Here is my take on the elections’ most prominent candidates.
Last weekend I attended his last presidential rally. I was impressed by the diversity of the people who accompanied him on stage. They ranged from actress Athar el Hakim to Salafi Noor party spokesperson Nader Bakar. The crowd was mostly middle class from different backgrounds. I saw girls without hair cover, women in Niqab, teens with spiky hair and men sporting the long Salafi beard.
Aboul Fotouh should be credited for his ability to attract such a diverse following, however, the question still looms: who is Aboul Fotouh? Is he Athar el Hakim? Or is he Abdel Meniem el Shahaat, the Alexandrian Salafi lunatic who endorsed him? Or is Aboul Fotouh Â a go between both? We do not know.
The umbrella Aboul Fotouh wishes to represent is huge; he has to settle on a position. He cannot be Athar el Hakim and Abdel Meniem el Shahat at the same time.
Aboul Fotouh always reminds me of this scenario. Imagine if the Islamists in parliament repeated their attempt to pass a law that would literally render the Constitutional Court ineffective. Would President Aboul Fotouh sign the bill? The problem with Aboul Fotouh is that we do not know the answer to this question.
If President Aboul Fotouh decided to turn against his Salafi voters and adopt a really moderate and realistic stand on Sharia law, he can very well become our Erdogan, our Mahatir Mohamed. Judging from Fotouhâ€™s rhetoric recently, we do not know if he will become an Erdogan or a Mullah Omar.
I call him President Status Quo. Amr Moussa, as president, will maintain the status quo in Egypt. Nothing much will change. The guy is 76 years old! Moussa is the comfortable choice if you are not a revolutionary and if you think Shafik is too felool for you. Â Moussa will be the choice of the voters who got tired of rocking the boat throughout the past year and a half.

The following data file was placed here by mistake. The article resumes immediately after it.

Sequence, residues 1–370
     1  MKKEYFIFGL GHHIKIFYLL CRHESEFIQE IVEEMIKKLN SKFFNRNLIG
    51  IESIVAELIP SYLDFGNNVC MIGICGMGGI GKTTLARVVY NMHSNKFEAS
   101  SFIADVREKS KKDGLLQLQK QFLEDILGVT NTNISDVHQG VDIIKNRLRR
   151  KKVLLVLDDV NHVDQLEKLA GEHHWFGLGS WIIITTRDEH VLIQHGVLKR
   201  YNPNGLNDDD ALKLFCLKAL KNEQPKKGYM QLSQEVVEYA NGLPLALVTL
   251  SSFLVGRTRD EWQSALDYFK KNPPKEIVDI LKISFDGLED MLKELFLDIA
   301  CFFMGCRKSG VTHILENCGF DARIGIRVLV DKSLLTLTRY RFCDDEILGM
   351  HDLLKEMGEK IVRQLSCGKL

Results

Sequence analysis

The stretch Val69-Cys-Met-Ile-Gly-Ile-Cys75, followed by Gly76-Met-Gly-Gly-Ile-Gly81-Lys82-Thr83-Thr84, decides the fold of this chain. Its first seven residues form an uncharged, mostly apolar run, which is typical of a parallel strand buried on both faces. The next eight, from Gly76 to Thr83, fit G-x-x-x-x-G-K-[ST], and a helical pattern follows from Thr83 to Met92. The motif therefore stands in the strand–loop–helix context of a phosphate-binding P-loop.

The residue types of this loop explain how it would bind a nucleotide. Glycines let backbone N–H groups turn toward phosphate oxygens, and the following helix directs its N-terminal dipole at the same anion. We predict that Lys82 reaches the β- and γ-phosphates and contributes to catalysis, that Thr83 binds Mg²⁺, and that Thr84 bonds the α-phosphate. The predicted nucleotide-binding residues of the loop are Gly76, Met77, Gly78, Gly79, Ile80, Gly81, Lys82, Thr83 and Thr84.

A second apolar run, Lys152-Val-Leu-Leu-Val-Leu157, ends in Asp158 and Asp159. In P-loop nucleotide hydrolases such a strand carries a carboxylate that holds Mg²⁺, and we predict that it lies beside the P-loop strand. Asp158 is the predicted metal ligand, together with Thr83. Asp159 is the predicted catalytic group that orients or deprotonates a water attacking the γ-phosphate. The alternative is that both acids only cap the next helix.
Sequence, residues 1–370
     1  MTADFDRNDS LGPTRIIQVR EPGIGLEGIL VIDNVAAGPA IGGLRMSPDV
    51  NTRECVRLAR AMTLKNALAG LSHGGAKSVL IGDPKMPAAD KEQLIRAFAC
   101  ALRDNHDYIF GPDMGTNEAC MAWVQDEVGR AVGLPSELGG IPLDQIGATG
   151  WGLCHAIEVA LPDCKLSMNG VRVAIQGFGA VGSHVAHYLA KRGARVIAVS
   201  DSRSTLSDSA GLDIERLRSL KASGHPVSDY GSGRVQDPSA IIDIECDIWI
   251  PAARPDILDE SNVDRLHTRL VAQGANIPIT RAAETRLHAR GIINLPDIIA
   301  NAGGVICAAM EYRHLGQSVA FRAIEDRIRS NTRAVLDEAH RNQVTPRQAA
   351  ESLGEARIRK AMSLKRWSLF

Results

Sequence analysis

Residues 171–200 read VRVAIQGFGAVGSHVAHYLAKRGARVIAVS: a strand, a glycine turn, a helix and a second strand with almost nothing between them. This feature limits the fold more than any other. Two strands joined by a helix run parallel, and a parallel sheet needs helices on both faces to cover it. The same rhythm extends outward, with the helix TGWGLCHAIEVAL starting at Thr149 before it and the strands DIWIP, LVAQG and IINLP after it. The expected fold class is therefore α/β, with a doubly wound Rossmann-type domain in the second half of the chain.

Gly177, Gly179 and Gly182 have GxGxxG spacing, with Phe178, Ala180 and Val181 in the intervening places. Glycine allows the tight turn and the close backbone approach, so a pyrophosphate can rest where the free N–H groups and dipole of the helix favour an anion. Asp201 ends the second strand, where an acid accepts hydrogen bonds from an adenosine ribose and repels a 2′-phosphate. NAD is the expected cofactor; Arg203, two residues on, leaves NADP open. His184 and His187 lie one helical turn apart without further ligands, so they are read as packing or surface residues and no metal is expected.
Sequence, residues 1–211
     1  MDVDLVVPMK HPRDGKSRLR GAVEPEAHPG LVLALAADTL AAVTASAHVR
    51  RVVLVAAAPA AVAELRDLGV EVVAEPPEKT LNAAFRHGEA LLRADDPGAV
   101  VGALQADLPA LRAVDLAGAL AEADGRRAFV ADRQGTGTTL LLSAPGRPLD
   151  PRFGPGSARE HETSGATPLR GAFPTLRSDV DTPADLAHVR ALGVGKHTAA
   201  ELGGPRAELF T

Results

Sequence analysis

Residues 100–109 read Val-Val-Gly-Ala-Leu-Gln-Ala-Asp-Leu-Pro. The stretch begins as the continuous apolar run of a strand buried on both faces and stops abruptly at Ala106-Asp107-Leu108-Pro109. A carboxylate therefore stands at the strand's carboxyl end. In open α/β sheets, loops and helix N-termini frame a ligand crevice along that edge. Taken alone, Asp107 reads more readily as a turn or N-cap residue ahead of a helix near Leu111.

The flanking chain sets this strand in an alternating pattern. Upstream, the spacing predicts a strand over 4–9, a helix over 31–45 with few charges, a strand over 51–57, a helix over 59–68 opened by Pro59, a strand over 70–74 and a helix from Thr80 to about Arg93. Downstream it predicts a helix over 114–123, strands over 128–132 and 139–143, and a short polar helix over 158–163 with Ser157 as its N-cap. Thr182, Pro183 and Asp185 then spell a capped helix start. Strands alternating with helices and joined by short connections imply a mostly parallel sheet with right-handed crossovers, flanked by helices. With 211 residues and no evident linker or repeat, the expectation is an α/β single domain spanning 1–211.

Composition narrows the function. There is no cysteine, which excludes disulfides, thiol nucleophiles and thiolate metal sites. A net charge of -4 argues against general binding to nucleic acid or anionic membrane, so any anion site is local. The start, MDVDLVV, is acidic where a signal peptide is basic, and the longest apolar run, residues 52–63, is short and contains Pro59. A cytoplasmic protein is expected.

I believe Moussa will take many of the undecided voters. He is the candidate with the highest name recognition.
Sabahy will get your vote if you originally wished to vote Fotouh yet you think the latter is too vague and you just cannot get yourself to trust him. Sabahy is the candidate for all those young revolutionaries who do not know what type of president Aboul Fotouh will be, and who will never vote for Moussa or Shafik.
There are rumors that the sudden surge in Sabahyâ€™s relative popularity was because of the Muslim Brotherhood supporting him with cash. There is still no evidence to support this but it is politically understandable especially that Sabahy has little chance of posing a real threat to the MBâ€™s candidate.
Sabahy will not just get votes from those who do not trust Aboul Fotouh. Through his hard straightforward talk and clean past, Sabahy has managed to appeal to a wide array of voters who want to see a change in Egyptâ€™s political life. He has a history of supporting Arab dictators, but who did not support Sadam during the Iraq war.
A few months ago, no one would have ever given Shafik any significance. Yet through a well financed advertising campaign, he is starting to pick up especially with voters who are anti-revolution and want someone â€œstrongâ€ to bring the country back to normality (as if the army generals were schoolgirls!).
I still believe Shafik is weaker than Mousa in the rural areas and I consider him the to be the candidate of the upper/middle class voters who are so phobic of the Islamists and do not mind to see Egypt go back to square one.
Mohamed Morsy is the candidate of the Muslim Brotherhood members/sympathizers and whoever was bribed by the MB. He is also the candidate of the lunatic zealots who are not backing Aboul Fotouh. I expect Morsy to make it to round 2 simply because he enjoys two things: God and mammon. And it is hard to beat God and money combined!